The study found that improv did, in fact, affect participants’ nervous systems. First, there was an increase in coherence from the pre-assessment to the post-assessment, meaning brain function became more integrated and effective. DeMichele and Kuenneke attribute this to improv’s Yes And rule, which creates a sense of safety by limiting uncertainty during social interactions. If your fellow improvisers agree and add onto whatever you say, arousal levels decrease and people’s windows of tolerance—what they can comfortably handle—increase. They write, “This reciprocal practice of acceptance and validation very quickly creates the security and safety needed to shift from the survival brain to the activation of the prefrontal cortex and a more integrated nervous system.”
The second finding was the decrease in what’s known as phase lag, which means the communication between brain areas slowed down during improvisation. An elevated phase lag isn’t actually a good thing; it means overthinking and inefficient processing of information. By creating a safe structure for uncertainty, improv’s emphasis on Yes And promotes focused attention which may decrease phase lag.
The third result was that participants experienced a significant boost to their sensorimotor systems, which means they were better able to process and react to sounds and movements, allowing them to better understand and engage in social interactions. This attunement could once again be due to improv’s Yes And principle, which is a kind of give and take that emphasizes focusing on others and reacting accordingly.
Just as in Limb’s fMRI studies, the DeMichele and Kuenneke scans showed an increase in improvisers’ medial prefrontal cortex activity. It’s not clear whether or not the dorsolateral prefrontal cortex activity decreased, but the kind of unself-conscious flow state associated with decreased DLPFC activity may only be available to experienced improvisers. The fact that novice improvisers with histories of trauma were still able to experience boosts to a brain region linked with pattern-formation and creativity is significant.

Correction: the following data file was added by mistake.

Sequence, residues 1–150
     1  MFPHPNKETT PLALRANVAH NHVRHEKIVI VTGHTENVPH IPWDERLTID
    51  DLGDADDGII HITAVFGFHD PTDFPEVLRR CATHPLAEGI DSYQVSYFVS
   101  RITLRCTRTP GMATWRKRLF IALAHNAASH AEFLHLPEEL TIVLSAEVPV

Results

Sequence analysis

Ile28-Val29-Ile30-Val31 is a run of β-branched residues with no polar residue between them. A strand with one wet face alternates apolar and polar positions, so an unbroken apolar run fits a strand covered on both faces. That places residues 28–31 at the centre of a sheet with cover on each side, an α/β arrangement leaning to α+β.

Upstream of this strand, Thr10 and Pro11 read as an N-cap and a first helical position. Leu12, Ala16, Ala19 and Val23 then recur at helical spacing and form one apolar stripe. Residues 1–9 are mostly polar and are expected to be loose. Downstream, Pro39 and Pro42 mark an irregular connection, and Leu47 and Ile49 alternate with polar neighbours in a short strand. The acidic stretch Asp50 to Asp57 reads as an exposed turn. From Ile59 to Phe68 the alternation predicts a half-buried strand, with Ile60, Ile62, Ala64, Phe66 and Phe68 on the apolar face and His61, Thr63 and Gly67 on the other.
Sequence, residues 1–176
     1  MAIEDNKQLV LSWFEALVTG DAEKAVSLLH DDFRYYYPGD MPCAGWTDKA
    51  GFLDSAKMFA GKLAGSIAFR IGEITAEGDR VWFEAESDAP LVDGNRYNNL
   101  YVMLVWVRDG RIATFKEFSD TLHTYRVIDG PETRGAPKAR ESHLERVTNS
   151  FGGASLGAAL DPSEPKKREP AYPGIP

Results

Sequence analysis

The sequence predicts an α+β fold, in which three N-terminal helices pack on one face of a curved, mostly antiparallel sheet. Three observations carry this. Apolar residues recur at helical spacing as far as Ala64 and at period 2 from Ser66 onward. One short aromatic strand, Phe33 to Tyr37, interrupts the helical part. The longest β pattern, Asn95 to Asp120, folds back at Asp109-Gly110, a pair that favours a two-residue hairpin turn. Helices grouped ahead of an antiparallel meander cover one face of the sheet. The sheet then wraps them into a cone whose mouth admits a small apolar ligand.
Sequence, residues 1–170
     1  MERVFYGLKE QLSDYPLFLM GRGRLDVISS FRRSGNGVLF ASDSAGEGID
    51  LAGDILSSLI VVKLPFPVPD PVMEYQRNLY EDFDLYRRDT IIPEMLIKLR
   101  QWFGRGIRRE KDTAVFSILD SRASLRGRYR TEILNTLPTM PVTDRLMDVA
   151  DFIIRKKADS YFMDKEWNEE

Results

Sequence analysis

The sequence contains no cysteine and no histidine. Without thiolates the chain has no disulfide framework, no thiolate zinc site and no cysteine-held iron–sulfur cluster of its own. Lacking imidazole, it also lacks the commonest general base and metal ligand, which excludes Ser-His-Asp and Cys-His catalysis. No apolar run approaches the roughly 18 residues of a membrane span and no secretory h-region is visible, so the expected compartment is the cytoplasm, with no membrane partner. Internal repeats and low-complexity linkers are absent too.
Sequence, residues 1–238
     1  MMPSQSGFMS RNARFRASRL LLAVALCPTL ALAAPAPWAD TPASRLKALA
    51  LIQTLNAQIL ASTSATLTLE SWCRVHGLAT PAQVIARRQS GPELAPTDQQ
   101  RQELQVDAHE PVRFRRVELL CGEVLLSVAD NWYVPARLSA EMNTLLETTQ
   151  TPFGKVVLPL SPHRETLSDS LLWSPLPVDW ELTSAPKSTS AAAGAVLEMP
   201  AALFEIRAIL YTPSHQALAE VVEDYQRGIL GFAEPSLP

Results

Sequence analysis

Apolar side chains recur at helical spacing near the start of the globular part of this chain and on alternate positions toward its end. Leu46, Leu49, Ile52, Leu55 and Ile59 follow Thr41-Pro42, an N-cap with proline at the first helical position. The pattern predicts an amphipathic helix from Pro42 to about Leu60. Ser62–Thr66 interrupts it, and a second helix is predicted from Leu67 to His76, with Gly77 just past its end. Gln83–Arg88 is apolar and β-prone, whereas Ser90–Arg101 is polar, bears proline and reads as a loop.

This new study is important. It’s the first neuroscience study to look at novice improvisers, the first to analyze adolescents’ nervous systems, and the first to look specifically at trauma. DeMichele and Kuenneke’s findings—that improv boosts coherence and connectivity for novice adolescents with Complex Developmental Trauma—are proof positive that more research needs to be done at the intersection of neuroscience and improvisation.
As DeMichele states, it all seems to point back to improv’s Yes And principle. She writes:
Improv’s rule of Yes, and is the access point to the brain as it creates the safety, attunement, and flexibility needed to achieve these neurobiological changes. Whether one’s trauma has created a state of hyperarousal or hypoarousal, the conditions created by Yes, and drives the nervous system to self-organize towards integration and balance, thus shifting the individual from the mental state they are in to one better able to function cognitively, physically, behaviorally, and psychologically.
And that’s what it’s all about. That’s what we need to study and apply—improv allows people to shift from whatever state they’re in to a more optimal state where they feel coherent and connected. We’re fortunate to have innovative research like this proving that this type of work is worth studying. May it be a call to action for more research and for more integration of improv and improv principles in therapeutic settings.
DeMichele, M. & Kuenneke, S. (2021). Short form improv affects the functional connectivity in the brain of adolescents with complex developmental trauma as measured by qEEG: A single group pilot study. NeuroRegulation. 8(1).
Euston, D. R., Gruber, A. J., & McNaughton, B. L. (2012). The role of medial prefrontal cortex in memory and decision making. Neuron, 76(6), 1057-1070.
Limb, C. J., & Braun, A. R. (2008). Neural substrates of spontaneous musical performance: An fMRI study of jazz improvisation. PLoS one, 3(2), e1679.
López-González, M., & Limb, C. J. (2012, January). Musical creativity and the brain. In Cerebrum: the dana forum on brain science (Vol. 2012). Dana Foundation.